1927-10-26 17:38:30

The Jazz Singer with Al Jolson

The first major ‘talkie’ in cinema history is a film with a decidedly Jewish subject and autobiographical characteristics referencing the US entertainer and singer Al Jolson (1882‑1950). It shows the poor Jewish singer Jakie Rabinowitz breaking with Jewish traditions. Instead of becoming a cantor in the synagogue, as planned by his father, Rabinowitz becomes a celebrated Broadway star. Produced by Warner Bros. in 1927, THE JAZZ SINGER was still mainly a silent film despite long stretches of sound. Owing to its commercial success and artistic quality, however, it heralded the triumph of the sound film. The film portrays the character of the cantor’s son and the conflict between tradition and modernity, both well established in US-American films, alongside the racist tradition of blackface.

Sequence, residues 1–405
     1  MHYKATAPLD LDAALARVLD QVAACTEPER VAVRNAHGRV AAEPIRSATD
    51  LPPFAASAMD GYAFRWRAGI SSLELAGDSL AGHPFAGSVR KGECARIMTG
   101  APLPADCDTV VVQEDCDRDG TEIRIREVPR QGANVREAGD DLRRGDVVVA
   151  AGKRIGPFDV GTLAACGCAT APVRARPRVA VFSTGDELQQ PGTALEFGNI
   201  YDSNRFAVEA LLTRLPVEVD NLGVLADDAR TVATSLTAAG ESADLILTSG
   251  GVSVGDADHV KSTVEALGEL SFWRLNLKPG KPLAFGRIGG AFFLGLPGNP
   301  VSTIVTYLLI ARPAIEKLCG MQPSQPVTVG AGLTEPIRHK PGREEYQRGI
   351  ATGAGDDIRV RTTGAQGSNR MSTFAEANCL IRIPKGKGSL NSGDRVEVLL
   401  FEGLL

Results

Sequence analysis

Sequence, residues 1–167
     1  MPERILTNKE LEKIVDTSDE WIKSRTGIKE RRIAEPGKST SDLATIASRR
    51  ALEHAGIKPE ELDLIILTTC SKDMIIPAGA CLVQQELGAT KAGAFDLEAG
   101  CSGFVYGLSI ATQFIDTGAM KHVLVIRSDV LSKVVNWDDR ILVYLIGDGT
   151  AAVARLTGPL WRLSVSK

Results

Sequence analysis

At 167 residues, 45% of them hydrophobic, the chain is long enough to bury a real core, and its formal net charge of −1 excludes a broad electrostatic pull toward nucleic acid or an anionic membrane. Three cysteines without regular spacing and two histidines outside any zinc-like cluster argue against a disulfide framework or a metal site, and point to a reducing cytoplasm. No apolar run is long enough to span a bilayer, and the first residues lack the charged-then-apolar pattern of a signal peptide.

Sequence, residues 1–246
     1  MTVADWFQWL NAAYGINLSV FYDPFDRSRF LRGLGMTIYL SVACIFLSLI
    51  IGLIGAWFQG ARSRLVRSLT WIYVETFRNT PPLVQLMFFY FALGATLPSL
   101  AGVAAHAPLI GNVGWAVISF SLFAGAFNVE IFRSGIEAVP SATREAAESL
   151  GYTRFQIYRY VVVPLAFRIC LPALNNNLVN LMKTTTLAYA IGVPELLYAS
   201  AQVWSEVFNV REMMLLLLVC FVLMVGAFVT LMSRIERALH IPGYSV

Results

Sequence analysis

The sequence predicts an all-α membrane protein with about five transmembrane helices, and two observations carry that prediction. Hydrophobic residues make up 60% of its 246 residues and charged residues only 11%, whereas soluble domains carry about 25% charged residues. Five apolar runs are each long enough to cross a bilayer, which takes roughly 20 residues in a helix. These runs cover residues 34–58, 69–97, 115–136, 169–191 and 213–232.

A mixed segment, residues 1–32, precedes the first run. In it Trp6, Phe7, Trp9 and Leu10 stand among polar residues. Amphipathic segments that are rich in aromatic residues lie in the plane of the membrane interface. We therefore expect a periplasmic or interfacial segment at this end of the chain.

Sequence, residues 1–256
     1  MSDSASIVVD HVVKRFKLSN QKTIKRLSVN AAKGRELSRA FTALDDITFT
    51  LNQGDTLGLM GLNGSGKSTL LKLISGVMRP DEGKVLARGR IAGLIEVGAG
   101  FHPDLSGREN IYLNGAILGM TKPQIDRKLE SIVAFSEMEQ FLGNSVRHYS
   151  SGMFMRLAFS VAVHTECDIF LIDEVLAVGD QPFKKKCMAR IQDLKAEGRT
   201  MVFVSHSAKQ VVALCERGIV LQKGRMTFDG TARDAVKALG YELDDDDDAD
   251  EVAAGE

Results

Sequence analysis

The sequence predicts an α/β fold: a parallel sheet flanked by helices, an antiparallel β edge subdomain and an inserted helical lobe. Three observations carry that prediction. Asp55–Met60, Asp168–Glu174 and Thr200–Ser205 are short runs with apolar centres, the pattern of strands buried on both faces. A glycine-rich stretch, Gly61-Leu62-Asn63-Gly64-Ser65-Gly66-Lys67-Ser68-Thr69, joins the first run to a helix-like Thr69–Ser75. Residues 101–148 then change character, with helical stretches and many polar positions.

1929-02-01 00:00:00

Togo Mizrahi and the Egyptian Films Company

The Italian-Jewish Egyptian Joseph Elie "Togo" Mizrahi (1901-1986) founds the "Egyptian Films Company" in Alexandria. Between 1930 and 1946, he produces and directes about 40 Arabic-language and four Greek-language films, thus contributing significantly to the emergence and first flowering of Egyptian cinema. In his films, Mizrahi frequently uses the devices of masquerade and mistaken identity to paint a pluralistic picture of Egyptian society. At the end of 1946, Mizrahi was accused of having participated in the dissemination of Zionist films. He did not make any more films after that and left Egypt for Italy after the revolution and the fall of King Faruk in 1952.

Jewish Film History